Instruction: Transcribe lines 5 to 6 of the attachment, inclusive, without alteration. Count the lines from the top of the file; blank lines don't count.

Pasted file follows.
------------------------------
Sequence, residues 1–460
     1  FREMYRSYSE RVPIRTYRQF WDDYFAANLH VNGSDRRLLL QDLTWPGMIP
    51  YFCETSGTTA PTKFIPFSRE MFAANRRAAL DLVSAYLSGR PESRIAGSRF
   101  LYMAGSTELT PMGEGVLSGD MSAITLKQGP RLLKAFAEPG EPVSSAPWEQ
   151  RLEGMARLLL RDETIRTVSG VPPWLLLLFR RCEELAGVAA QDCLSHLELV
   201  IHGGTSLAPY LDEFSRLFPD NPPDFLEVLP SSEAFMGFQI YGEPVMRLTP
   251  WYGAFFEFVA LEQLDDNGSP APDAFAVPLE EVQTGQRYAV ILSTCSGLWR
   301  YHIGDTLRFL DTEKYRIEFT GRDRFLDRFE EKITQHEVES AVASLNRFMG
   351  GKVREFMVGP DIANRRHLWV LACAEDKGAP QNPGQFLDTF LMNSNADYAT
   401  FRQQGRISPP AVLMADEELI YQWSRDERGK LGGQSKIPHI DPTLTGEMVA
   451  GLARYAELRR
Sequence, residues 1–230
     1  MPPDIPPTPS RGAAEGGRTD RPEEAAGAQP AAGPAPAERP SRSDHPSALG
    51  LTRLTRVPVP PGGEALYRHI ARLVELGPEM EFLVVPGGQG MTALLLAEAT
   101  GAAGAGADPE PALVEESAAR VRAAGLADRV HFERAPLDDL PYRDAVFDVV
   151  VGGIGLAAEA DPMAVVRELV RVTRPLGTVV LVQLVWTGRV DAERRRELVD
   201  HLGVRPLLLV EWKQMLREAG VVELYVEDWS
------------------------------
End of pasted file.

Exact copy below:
   151  RLEGMARLLL RDETIRTVSG VPPWLLLLFR RCEELAGVAA QDCLSHLELV
   201  IHGGTSLAPY LDEFSRLFPD NPPDFLEVLP SSEAFMGFQI YGEPVMRLTP